Books to Die For (eds Connolly and Burke)

Adam Somerset delves into a collection of essays from mystery writers celebrating their favourite mystery novels in his review of Books To Die For.

The subject of the ‘Great Welsh Writers’ television series for 11th March was Ken Follett. It was a feeble, fawning plod of a programme, bulked out with footage from a feature film that had nothing to do with the subject. It had a smell to it of a box-ticking, out-of-London quota that needed filling.

There is an art in what Ken Follett does. The programme-makers employed merely an off-screen voice and offered no sense of real engagement with the books. The Key to Rebecca and The Man from St Petersburg are plain exciting. The Third Twin is an unsettling tale about multiple cloning. Night over Water kept my spirits up over several days of being marooned in the dreariest place I have ever known.

Ken Follett does not feature in Books to Die For, although he might well have done. The definition here of ‘mystery novel’ is elastic. One hundred and twenty-one practitioners have written crisp essays on the books that hold special meaning for them. It starts with Poe and ends with Mark Gimenez. Elmore Leonard, Sara Paretzky, George Pelecanos and Ian Rankin are both contributors and subjects for appreciation. Val McDermid, John Harvey and Jo Nesbo are all contributors, writing on Reginald Hill, Peter Temple and Jim Thompson respectively. Their own creations, Tony Hill, Charlie Resnick and Harry Hole, await a future edition.

Books to Die For review
Books to Die For
Edited by John Connolly and Declan Burke
Hodder and Stoughton, 734 pp

The criterion asked by the editors of their writers is ‘passionate advocacy…the single book that they would press upon you.’ It is not a survey, and every reader will feel their own sense of omission. Rebecca, In Cold Blood, Coetzee’s Disgrace, and Byatt’s Possession are in, but John Dickson Carr and Ngaio Marsh are not. Stieg Larsson and Lee Child have not yet made it. Carl Hiaasen’s writing is probably too rich in black comedy to fit easily alongside. I missed Nicci French; that partnership’s first twelve books are unique in their blend of woman protagonist, sense of place and focus on a particular psychological pathology. The book sweeps over one hundred and seventy years of writing, but misses out on Edgar Wallace and G K Chesterton. The Four Just Men and The Hammer of God resonate with this reader decades after their reading.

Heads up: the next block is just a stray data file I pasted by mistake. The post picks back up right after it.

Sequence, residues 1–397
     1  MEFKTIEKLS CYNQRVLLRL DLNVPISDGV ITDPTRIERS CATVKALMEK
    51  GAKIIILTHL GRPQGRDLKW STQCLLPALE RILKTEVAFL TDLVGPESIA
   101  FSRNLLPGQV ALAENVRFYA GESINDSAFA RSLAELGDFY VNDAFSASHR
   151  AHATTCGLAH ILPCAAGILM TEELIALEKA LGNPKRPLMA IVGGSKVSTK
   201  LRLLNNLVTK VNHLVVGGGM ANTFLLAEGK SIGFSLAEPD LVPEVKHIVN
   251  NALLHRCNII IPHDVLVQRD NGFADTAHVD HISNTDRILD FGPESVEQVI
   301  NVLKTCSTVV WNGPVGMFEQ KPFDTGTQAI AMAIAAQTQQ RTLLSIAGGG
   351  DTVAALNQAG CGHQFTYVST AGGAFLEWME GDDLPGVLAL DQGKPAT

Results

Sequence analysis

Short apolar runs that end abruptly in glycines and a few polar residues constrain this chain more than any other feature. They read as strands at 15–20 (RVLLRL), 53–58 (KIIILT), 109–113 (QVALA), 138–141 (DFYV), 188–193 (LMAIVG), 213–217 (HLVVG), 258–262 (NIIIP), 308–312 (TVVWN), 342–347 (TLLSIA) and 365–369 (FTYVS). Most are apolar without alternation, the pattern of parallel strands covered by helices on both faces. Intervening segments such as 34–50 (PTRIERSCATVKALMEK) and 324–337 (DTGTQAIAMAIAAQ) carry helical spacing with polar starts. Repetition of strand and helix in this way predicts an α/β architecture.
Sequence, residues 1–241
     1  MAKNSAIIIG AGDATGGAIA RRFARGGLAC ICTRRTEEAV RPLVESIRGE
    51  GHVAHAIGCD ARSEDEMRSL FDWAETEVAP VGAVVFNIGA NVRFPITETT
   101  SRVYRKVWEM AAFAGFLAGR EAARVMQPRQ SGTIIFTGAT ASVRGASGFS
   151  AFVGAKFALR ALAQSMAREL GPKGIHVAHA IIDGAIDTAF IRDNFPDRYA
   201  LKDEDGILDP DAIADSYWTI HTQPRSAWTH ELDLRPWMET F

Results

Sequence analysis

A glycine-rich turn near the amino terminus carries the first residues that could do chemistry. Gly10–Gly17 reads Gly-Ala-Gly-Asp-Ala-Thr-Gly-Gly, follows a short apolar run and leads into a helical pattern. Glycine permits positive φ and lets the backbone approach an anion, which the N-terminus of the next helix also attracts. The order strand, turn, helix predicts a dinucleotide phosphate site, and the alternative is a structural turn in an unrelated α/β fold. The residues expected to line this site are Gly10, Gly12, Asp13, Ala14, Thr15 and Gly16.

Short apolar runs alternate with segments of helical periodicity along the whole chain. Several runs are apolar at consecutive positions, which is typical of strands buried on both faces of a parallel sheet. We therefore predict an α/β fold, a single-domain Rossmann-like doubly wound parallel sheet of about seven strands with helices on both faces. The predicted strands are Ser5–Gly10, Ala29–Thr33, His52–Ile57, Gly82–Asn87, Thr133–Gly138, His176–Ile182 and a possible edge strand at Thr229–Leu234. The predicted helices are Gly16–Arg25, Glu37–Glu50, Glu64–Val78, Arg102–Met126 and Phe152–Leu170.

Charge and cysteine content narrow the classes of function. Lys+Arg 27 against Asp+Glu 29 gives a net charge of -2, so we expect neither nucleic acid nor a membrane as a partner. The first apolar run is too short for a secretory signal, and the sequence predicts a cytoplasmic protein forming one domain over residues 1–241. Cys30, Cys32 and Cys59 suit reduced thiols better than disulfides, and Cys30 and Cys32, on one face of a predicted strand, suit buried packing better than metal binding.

The genre has always had its friends and its not-so-friends. George Orwell did not care at all for James Hadley Chase in his essay ‘Raffles and Miss Blandish.’ Raymond Chandler and Edmund Wilson were critical in their essays ‘The Simple Act of Murder’ and ‘Who Cares Who Killed Roger Ackroyd?’ Gore Vidal included some skewering of Trevanian and Frederick Forsyth in his essays that dissected, with much relish, the best-seller list current at the time.

But in the opposing camp Jonathan Raban made a visit to John D McDonald in his native Florida habitat. The Travis McGee books in his view ‘created a heartbreakingly vivid portrait of a jungly Eden, spoiled and besmirched by human vanity and greed.’ My own grandfather did theology by day and Freeman Wills Croft and Michael Innes by night.

With such a huge selection the essays vary in degree of autobiographical detail, critical appreciation and personal tribute. But they are the view from the practitioner. The term ‘gender instability’ occurs once, but the emphasis is on effect and style, craft in narrative and complexity of structure. The essay on The Spy who Came in from the Cold stands out alone as a piece of nonsense, the approach probably forced upon the author, sadly, in his second role as a professor of literature.